BEIJING (AP) — Asian stock markets retreated Wednesday as investors looked ahead to U.S. data they worry will show inflation is picking up.
Shanghai, Tokyo and Southeast Asian markets declined. Hong Kong advanced. Taiwan’s tech heavy index sank more than 8% before rebounding, but still reflected deep losses.
Overnight, Wall Street’s benchmark S&P 500 index lost 0.9% amid concern inflation might accelerate, hampering an economic recovery and dragging on share prices.
More U.S. inflation were due out Wednesday. Investor concern is increasing following a price rise for industrial materials including copper and crude oil.
“Asian equities traded sideways following a lackluster session on Wall Street, where risk sentiment prevailed amid inflationary concerns,” Anderson Alves of ActivTrades said in a report. This week’s data are “essential for investors worldwide as U.S. markets are the primary benchmark for risk assets globally.”
The Shanghai Composite Index
lost less than 0.1%, while the Nikkei 225
in Tokyo fell 1.3%. The Hang Seng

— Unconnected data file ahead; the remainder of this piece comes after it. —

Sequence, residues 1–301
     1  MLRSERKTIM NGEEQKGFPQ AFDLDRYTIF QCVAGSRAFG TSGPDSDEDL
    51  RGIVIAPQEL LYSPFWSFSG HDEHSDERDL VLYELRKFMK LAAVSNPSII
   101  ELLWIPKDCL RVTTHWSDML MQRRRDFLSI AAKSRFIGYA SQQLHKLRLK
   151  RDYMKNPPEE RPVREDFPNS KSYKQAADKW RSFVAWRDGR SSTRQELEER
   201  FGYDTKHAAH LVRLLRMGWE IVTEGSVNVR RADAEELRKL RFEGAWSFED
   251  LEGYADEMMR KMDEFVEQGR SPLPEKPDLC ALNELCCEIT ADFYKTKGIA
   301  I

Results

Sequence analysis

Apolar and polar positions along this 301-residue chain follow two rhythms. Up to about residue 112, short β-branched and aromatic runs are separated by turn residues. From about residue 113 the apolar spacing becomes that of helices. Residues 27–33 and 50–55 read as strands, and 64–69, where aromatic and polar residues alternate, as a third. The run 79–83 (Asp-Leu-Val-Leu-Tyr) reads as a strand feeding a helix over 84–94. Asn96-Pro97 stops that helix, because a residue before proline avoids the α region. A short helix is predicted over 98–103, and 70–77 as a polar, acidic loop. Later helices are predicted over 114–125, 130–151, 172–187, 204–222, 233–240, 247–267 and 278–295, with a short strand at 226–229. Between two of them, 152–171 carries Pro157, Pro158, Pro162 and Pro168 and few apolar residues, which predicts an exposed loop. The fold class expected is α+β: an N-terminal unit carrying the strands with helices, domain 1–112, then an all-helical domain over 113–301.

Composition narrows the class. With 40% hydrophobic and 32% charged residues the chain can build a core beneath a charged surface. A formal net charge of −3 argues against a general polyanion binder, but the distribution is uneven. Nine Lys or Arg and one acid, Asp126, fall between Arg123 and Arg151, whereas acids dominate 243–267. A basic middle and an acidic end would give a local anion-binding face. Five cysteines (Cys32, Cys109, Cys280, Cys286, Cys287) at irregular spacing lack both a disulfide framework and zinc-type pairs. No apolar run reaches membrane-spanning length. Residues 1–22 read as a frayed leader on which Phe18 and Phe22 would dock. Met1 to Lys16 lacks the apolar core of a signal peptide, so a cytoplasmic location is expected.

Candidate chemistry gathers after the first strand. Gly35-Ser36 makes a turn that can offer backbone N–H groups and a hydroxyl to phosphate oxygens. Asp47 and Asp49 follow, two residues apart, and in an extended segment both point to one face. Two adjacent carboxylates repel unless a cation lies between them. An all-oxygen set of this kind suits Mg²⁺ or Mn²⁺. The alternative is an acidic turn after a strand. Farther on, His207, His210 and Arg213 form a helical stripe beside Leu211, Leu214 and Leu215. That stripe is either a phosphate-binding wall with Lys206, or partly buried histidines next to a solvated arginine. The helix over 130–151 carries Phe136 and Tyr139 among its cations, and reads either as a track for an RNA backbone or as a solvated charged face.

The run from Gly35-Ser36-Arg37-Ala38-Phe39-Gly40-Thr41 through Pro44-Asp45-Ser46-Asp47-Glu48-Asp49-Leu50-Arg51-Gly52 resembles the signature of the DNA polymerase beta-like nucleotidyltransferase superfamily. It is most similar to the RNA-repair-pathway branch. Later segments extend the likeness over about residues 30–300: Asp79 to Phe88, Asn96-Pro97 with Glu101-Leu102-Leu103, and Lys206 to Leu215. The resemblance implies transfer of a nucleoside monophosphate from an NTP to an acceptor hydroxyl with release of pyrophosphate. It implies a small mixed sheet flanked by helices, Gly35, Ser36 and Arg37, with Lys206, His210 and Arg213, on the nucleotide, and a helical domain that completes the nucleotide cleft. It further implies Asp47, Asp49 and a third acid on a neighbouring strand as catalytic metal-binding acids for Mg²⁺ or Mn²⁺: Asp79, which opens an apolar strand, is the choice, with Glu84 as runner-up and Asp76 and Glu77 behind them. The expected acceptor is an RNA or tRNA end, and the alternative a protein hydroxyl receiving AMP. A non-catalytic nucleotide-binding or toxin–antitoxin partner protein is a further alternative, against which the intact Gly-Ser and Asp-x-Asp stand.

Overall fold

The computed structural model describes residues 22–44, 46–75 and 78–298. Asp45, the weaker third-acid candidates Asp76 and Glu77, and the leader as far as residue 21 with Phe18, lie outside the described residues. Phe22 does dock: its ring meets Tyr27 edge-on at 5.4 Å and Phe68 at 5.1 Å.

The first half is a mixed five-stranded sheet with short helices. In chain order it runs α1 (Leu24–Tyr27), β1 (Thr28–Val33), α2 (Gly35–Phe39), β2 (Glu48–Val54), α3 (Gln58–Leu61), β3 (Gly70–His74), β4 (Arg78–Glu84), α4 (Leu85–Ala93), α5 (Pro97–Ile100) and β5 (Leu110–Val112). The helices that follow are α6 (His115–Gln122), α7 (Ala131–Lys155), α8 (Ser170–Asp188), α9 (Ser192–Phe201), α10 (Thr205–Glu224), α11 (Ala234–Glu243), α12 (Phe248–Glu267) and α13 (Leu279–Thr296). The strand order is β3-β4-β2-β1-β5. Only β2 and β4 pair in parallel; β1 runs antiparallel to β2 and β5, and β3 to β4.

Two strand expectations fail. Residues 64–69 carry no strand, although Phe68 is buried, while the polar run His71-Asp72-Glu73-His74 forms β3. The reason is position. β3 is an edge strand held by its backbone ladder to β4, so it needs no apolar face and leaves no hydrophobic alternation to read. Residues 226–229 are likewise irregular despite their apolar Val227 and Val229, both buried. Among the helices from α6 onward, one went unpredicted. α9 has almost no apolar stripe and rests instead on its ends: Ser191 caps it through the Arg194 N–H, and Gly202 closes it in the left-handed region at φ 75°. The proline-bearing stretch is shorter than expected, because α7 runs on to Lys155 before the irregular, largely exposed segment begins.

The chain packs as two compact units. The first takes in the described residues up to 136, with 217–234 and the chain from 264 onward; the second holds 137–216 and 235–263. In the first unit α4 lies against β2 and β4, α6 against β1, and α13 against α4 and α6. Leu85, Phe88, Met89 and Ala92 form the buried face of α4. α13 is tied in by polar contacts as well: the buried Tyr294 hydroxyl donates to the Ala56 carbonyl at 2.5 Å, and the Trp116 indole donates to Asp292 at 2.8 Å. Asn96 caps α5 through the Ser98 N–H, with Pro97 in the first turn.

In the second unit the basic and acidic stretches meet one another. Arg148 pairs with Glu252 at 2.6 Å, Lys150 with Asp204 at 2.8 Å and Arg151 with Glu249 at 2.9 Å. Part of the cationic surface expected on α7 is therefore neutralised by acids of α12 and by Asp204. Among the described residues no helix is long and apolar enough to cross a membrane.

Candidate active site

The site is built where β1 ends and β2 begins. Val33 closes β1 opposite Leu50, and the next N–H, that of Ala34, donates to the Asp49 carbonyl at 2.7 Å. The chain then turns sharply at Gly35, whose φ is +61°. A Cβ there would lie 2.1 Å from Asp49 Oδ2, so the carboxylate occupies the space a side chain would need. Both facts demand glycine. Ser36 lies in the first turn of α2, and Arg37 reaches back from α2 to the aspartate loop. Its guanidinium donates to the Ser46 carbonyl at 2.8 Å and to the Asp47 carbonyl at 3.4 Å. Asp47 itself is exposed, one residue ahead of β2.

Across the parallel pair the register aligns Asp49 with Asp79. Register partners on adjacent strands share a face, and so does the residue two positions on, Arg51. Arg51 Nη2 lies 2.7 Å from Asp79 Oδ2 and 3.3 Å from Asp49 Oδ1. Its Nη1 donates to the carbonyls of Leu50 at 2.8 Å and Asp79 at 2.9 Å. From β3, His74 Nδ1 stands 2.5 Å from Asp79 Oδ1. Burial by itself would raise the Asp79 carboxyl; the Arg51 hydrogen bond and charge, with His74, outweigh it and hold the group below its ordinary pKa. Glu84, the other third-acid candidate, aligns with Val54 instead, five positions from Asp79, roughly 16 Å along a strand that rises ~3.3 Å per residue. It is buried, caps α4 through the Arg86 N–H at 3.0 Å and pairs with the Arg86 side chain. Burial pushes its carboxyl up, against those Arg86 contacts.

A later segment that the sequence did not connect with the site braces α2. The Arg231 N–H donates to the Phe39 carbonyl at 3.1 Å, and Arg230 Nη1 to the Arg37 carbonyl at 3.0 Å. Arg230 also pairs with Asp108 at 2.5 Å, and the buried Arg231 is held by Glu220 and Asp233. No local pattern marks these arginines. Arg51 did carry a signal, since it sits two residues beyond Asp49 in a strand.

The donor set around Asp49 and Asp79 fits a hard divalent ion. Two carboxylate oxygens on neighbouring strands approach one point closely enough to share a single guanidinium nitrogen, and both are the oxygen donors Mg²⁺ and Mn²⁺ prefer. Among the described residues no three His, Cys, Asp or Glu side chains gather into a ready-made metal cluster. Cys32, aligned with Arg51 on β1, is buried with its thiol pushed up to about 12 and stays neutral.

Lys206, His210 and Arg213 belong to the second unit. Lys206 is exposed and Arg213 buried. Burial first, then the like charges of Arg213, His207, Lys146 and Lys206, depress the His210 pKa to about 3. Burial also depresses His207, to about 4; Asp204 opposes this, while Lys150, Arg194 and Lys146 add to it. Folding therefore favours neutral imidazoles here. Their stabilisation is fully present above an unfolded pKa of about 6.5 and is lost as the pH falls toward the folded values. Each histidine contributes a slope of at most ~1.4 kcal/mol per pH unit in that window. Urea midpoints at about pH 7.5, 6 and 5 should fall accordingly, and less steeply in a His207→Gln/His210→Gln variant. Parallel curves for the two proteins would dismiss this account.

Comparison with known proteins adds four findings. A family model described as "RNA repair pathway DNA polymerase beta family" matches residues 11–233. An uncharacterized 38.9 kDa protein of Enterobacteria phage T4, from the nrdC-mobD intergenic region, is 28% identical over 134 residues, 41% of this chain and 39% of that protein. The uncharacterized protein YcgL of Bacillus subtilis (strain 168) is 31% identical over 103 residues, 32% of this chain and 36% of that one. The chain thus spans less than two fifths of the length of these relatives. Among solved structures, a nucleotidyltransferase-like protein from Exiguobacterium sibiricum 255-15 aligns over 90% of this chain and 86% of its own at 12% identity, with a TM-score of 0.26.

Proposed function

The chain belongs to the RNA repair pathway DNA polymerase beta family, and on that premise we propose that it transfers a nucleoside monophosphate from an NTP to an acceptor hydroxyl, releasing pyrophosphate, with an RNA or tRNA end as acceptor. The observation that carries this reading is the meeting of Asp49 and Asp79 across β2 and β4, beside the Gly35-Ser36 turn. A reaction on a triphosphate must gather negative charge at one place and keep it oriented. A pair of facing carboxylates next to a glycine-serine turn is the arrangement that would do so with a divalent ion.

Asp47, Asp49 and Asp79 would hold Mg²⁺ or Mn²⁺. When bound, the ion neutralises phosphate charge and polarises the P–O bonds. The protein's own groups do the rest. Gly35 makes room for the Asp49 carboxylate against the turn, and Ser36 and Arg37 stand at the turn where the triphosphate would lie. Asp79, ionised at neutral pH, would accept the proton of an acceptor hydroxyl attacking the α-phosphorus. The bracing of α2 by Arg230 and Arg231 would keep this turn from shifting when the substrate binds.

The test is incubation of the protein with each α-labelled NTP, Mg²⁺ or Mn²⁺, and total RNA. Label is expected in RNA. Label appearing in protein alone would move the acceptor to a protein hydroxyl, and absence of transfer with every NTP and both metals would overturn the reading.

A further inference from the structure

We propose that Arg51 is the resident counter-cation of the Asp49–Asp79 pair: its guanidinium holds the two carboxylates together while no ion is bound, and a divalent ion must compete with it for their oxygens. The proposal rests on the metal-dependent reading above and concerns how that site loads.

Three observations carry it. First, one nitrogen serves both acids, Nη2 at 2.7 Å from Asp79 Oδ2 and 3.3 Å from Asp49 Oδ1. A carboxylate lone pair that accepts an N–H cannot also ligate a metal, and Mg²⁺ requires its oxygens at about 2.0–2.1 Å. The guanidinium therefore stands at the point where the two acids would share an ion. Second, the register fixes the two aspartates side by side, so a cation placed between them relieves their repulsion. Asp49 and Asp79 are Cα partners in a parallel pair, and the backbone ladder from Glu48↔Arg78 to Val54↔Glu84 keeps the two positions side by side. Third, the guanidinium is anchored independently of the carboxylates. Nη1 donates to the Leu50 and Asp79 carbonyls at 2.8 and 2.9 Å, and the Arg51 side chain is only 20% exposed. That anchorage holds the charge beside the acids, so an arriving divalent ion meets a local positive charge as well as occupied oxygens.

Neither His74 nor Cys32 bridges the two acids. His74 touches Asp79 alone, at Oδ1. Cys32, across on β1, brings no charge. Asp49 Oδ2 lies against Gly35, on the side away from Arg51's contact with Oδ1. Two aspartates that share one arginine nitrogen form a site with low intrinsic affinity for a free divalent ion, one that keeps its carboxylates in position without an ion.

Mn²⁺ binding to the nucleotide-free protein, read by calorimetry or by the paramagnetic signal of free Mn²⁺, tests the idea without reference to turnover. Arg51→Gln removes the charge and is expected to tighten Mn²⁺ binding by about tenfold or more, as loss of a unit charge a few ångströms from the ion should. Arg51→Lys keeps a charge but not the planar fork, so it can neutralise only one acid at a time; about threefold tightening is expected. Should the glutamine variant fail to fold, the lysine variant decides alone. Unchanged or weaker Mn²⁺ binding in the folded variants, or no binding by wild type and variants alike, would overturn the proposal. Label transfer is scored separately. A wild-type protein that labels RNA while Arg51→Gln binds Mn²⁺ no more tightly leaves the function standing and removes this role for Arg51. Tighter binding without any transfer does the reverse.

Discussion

in Hong Kong fell 0.2%.
in Seoul tumbled 1.5% and the S&P-ASX 200
in Sydney fell1%. New Zealand and Southeast Asian markets also declined.
dropping nearly 2%.
On Wall Street, banks and energy companies led a broad pullback Tuesday.
The S&P 500
fell to 4,152.19. The Dow Jones Industrial Average
sank 1.4% in its worst day since February. The Nasdaq Composite
lost 0.1% to 13,389.43.
Commodity prices have been rising, particularly for industrial metals such as copper and platinum, as well as for energy commodities like gasoline and crude oil.
Big technology companies were among the biggest decliners for a second day. Tech stocks get most of their valuation from future profits that might be less valuable if they are eroded by inflation.
Investors have worried about inflation since bond yields spiked earlier this year, though yields have mostly stabilized since then. The yield on the 10-year Treasury
held steady Tuesday at 1.61%.
The Federal Reserve has said the U.S. economy will be allowed to “run hot” to ensure a recovery is established. Despite that, investors worry rising prices might pressure central banks to pull back stimulus and raise near-zero interest rates.
In energy markets, benchmark U.S. crude
lost 17 cents to $65.11 per barrel in electronic trading on the New York Mercantile Exchange. The contract rose 36 cents on Tuesday to $65.28. Brent crude
used to price international oils, sank 21 cents to $68.34 per barrel in London. It rose 23 cents the previous session to $68.55.